“Do you deny institutional racism exists!?” shouts a man, rising to his feet, to cheers and rumblings in a crowd of more than 70 people. There’s a pause. Then Halifax Regional Police chief Jean-Michel Blais responds:
“What do you mean by institutional racism?”
This is just one of many charged exchanges that broke out during a panel discussion Thursday night at the Halifax North Memorial Public Library on racial profiling and street checks.
The event comes in light of data released by the police department
which showed that Black people are at least three times more likely to be engaged in street checks than white people. Street checks are interactions with individuals, defined as observations and attempts to collect information by police. They’re not motor vehicle stops or arrests.
Standing alongside chief Blais was Rickcola
Brinton. She works as managing lawyer for NS Legal Aid. Many of her clients have been stopped by police.
“You have a right to know why they are talking to you,” she said, speaking in a clear, firm tone directly to the crowd. “You can walk away.”
Brinton said her teenage clients often don’t know why they’re being stopped.
“[They’re] talking to a cousin, talking to a friend…teenagers, who feel like they’re being watched.”
Her young clients often ask her the same question: “Why can’t they just live?”
Brinton said these street checks often lead to charges of obstruction and/or resisting police, but with little else, criminally, to back it up.
Lana MacLean, a social worker, specializing
in race, trauma, culture and crime, told the room the over-representation of Black people among police street checks points to a systemic, endemic problem. MacLean says her own nephew was stopped by police, biking down North Street, on his way home from Oxford School.
“Early exposures (to police)…sets up a dynamic of mistrust.”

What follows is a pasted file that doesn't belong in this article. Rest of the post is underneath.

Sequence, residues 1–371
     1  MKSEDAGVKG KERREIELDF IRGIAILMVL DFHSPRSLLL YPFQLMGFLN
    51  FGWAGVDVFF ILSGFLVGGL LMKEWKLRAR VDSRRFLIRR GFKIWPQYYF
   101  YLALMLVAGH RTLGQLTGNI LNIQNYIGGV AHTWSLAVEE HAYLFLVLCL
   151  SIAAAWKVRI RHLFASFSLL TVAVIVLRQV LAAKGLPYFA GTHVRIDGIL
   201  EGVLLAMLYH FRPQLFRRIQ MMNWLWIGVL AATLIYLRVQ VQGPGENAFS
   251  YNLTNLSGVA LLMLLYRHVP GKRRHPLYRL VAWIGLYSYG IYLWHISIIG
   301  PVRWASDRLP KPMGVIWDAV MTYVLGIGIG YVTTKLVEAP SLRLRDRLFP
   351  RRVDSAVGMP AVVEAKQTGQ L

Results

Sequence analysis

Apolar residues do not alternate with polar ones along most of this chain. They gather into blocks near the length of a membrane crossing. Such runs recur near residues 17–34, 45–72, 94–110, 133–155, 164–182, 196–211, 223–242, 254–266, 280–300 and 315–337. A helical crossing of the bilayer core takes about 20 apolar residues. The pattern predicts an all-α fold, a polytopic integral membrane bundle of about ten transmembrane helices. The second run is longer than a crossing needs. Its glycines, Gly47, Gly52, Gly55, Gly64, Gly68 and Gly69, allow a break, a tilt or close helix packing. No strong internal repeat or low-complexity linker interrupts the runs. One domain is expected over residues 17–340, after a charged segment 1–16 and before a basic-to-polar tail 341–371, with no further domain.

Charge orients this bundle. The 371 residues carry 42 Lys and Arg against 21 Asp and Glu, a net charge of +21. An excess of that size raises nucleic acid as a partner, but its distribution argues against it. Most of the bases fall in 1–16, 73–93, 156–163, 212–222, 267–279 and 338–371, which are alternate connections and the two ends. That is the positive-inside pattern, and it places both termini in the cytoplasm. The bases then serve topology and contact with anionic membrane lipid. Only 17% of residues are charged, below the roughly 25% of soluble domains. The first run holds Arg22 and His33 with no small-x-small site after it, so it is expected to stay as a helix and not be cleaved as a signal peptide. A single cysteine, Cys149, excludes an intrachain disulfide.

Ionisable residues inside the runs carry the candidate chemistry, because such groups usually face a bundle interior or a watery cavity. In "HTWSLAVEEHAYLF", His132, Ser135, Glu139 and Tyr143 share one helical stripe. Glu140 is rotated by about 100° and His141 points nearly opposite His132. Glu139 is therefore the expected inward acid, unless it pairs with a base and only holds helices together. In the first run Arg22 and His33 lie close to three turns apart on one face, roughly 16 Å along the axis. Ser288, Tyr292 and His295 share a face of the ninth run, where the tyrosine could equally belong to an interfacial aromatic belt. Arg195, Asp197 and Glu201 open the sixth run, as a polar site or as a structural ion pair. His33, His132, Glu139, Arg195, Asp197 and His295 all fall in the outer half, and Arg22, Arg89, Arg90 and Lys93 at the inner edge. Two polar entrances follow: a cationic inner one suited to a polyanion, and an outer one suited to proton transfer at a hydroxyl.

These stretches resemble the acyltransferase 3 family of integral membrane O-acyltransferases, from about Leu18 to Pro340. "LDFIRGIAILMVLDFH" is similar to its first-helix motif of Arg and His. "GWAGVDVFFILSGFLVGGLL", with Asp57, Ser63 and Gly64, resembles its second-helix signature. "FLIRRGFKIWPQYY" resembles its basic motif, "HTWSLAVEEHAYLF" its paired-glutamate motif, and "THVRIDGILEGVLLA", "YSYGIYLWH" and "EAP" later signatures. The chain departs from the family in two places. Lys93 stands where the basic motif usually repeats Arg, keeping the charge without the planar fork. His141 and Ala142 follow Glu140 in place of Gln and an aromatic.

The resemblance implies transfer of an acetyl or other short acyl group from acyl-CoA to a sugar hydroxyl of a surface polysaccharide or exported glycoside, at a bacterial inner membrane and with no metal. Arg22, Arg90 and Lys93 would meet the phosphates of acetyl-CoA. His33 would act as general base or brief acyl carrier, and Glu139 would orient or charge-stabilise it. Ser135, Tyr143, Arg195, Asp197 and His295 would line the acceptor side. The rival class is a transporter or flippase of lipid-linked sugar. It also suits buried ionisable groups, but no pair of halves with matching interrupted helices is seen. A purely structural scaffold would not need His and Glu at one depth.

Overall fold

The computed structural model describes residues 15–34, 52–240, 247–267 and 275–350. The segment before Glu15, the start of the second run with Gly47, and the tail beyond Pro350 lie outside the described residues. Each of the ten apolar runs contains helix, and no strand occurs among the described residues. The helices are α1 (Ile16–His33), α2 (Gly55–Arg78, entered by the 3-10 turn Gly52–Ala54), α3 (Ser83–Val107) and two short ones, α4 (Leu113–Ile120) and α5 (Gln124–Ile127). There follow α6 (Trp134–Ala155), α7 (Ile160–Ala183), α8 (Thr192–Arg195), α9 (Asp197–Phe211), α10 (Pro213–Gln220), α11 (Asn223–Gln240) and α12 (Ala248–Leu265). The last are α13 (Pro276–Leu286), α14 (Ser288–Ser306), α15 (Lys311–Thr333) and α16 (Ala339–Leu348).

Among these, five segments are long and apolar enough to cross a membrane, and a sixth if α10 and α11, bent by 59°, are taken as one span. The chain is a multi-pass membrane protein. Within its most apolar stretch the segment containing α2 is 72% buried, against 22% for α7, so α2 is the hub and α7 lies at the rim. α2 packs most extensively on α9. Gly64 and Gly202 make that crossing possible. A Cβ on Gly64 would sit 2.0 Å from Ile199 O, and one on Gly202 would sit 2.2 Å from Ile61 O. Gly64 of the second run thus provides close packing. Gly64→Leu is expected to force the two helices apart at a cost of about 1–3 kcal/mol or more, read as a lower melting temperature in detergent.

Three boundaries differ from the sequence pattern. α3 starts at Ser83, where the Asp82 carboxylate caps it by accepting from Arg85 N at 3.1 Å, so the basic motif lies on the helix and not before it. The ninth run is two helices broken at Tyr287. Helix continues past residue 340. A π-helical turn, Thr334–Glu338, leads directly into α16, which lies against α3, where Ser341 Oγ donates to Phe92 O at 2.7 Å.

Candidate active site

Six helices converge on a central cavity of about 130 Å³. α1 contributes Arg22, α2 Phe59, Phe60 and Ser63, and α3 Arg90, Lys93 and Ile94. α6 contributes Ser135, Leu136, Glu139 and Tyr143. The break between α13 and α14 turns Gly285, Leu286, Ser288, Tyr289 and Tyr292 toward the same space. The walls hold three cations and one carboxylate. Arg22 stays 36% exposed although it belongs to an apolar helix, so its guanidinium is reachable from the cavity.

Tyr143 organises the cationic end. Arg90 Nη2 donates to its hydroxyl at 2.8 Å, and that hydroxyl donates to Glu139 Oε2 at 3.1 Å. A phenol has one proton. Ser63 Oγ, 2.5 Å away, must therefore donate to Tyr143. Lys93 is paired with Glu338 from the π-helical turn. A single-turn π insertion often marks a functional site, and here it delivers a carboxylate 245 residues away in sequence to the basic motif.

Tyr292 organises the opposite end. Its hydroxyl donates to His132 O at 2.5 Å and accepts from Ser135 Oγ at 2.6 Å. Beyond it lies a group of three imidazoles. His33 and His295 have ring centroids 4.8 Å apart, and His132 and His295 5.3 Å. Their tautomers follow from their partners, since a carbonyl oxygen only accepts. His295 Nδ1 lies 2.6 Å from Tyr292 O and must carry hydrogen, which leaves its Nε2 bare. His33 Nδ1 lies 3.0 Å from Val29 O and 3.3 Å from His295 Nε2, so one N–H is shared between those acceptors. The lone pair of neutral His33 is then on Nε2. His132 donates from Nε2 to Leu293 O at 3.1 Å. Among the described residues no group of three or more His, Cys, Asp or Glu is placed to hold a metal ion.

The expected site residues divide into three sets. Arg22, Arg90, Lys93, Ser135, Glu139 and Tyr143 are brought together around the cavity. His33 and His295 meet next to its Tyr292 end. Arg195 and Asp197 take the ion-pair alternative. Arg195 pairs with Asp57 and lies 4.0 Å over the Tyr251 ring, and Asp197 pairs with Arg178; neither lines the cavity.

MacLean says there’s a pattern, and it’s a story she’s well familiar with: Police stops in childhood lead to stops at age 16,
when Black youth can get a driver’s license. What was once a scared kid being pulled over while biking home from school, she said, is now a young (often male) Black person who already has reason to be suspicious.
“Street checks make Black folks feel as if we’re criminals.”
MacLean wasn’t just speaking on behalf of her clients and community. She’s been stopped by police, herself. She says when you see red and blue lights in your rearview, it’s like having a panic attack.
“As someone who has been pulled over…because of someone being curious about where I was going…those spiritual wounds, psychological wounds engender mistrust.”
Marcus James listened carefully from the back of the room, by the door. He’s worked at the north end branch for more than 20 years. He was also involved in community consultations during the Kirk Johnson inquiry,
and helped develop recommendations for the police back in 2003.
“Why haven’t they been implemented?” James asked chief Blais once questions from the public were opened up. “On three occasions I’ve been arrested coming out, locking up after events such as this. I’ll do the same tonight, and there’s a good chance I’ll be arrested. For locking up the north branch library.
“Kids who I mentor in the library have witnessed me being detained, by officers who I have provided diversity training for,” said James. “What can we do to repair that? If the solution doesn’t look like me, it’s not gonna work.”
At the moment, Halifax Regional Police have made no commitments in policy or programming
to address the data or the resultant unrest, though Blais stressed the department is committed to a continuing “conversation.” The chief recommended anyone with concerns about street checks could file a formal complaint with HRP.
Correction: An earlier version of this story reported that Rickcola Brinton worked for Dalhousie Legal Aid, not Nova Scotia Legal Aid. The text has been updated and The Coast apologizes for the error.